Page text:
How we change what others think, feel, believe and do
When saying something that you want the subject to imagine, pause to let them form a picture and get into the experience.
The purpose of getting them to imagine something is often to move them into a desired state, such as being relaxed. When you pause, watch for physical signs of them going into that state.
Pausing can also be useful when you have given the person any other suggestion and it needs a little time to sink in.
Imagine you are stepping into a nice, warm bath ... the water is pleasant on your skin as you lie down ... you close your eyes and think back ...
Now you can let go of that uncomfortable time. How does it feel now? ... Better? ... Of course!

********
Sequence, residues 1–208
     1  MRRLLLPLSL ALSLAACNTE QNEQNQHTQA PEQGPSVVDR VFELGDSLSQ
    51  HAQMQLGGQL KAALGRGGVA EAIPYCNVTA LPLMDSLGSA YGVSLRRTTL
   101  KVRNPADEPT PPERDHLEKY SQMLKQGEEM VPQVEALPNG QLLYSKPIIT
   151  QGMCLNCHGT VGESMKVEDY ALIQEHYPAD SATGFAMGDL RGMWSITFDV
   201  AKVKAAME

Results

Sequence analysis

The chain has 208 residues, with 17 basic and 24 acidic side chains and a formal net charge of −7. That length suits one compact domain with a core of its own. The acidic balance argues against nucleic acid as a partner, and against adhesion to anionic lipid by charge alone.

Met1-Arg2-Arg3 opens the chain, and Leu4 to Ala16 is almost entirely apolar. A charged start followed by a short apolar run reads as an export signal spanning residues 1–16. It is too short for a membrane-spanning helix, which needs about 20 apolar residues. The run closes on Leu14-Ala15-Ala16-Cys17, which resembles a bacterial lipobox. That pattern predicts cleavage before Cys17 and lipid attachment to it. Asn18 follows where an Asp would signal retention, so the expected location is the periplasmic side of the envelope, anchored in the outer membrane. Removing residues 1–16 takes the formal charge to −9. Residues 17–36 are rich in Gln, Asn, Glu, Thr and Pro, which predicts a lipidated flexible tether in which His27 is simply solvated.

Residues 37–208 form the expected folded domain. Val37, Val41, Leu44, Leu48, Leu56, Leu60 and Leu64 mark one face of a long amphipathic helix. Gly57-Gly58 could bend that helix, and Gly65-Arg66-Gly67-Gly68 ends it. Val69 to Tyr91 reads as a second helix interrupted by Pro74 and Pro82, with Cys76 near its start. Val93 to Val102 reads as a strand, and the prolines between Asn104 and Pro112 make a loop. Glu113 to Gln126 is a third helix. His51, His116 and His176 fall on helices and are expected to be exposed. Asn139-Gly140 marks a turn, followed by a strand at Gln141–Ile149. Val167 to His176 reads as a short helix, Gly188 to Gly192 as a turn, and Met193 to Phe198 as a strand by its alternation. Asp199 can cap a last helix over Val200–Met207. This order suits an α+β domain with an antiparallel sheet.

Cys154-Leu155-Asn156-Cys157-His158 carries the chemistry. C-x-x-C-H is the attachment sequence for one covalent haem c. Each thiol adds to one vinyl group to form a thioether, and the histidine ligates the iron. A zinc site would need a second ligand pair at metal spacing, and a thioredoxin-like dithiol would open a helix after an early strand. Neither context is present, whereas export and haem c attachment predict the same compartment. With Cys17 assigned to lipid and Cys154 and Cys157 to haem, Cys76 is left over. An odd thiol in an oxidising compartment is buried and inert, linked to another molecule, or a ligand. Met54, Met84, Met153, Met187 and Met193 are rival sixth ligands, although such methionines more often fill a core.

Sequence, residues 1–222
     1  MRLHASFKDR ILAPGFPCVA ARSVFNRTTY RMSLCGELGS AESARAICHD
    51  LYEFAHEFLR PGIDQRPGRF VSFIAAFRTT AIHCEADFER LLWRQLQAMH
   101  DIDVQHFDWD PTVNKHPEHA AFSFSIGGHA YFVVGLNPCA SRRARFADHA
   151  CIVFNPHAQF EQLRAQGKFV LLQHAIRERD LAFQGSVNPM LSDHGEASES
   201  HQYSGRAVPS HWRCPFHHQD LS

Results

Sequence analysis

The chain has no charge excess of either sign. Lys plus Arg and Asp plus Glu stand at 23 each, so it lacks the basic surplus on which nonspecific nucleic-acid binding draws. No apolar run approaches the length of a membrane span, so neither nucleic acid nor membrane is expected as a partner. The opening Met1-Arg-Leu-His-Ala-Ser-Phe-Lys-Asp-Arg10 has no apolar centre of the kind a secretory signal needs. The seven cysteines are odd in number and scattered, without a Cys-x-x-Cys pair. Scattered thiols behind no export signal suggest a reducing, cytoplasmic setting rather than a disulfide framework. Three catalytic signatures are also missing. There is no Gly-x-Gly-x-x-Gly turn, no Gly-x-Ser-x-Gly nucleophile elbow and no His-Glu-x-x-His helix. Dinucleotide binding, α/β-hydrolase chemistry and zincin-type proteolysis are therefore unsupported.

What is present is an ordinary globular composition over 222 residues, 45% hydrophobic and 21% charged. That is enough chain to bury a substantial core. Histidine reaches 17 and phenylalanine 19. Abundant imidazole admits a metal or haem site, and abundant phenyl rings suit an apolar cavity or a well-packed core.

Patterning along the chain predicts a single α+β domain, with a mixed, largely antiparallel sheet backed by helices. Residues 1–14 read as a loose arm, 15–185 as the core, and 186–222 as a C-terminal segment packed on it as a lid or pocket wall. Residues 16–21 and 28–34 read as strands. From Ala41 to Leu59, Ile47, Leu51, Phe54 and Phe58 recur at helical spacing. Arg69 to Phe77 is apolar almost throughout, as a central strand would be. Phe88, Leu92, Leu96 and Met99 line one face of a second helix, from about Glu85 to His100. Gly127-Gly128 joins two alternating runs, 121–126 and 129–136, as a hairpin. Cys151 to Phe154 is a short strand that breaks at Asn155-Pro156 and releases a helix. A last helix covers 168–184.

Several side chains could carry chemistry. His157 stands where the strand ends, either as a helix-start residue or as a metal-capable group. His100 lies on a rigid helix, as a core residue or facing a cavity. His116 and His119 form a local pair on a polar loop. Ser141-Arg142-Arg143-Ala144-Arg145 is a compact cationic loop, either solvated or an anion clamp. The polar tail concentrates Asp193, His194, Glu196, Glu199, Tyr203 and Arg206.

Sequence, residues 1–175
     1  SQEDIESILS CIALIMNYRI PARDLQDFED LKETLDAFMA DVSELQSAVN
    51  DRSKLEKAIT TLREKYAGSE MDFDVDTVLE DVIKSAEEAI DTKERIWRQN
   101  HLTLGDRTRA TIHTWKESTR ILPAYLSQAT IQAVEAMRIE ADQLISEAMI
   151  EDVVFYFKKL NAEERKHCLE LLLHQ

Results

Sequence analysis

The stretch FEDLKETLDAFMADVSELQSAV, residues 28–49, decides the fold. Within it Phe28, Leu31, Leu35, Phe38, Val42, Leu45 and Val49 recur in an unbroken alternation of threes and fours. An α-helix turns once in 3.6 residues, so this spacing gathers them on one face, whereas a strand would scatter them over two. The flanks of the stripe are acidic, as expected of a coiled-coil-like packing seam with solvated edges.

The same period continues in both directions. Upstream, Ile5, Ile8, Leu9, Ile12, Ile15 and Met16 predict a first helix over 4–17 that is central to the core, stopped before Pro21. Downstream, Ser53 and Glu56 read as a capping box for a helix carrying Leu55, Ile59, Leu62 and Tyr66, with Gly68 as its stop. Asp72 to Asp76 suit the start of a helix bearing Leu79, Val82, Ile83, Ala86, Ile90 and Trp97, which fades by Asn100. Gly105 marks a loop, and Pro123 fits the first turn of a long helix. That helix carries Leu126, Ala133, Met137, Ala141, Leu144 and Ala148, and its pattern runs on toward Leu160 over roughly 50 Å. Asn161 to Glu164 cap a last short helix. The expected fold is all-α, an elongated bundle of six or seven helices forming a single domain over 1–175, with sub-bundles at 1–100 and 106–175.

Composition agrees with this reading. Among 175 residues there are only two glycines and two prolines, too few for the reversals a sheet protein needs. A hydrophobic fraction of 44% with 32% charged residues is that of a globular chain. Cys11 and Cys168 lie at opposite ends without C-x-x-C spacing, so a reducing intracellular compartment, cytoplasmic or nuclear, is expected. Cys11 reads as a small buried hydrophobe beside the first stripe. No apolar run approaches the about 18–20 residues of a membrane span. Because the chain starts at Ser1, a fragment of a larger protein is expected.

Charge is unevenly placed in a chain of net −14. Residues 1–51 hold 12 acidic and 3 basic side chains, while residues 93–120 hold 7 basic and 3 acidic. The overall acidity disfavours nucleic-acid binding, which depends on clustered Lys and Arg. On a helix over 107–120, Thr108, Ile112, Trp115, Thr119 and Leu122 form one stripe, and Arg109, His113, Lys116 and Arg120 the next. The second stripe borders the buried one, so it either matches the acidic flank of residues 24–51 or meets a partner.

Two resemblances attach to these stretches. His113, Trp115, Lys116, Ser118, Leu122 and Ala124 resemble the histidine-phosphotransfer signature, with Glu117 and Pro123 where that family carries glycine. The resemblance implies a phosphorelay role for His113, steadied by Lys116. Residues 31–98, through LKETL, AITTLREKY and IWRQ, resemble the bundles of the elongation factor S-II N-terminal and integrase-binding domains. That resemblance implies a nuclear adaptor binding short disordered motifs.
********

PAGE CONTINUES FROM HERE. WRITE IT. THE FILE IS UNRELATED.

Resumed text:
Imagination takes time. If the person is remembering something they have to find and play the video. If they are creating something new, they have to make up things.
Note also that pausing can cause problems as their minds might wander elsewhere or start thinking about the techniques you are using. Pauses should thus be used with care and should not be too long. When you see signs of them going in the right direction, give encouragement and move on.
Practice will tell you the right amount of time to pause in various situations.
Going fast and not pausing to let people fully do what you suggest can be a deliberate act to confuse and so shake them from a previous stuck state.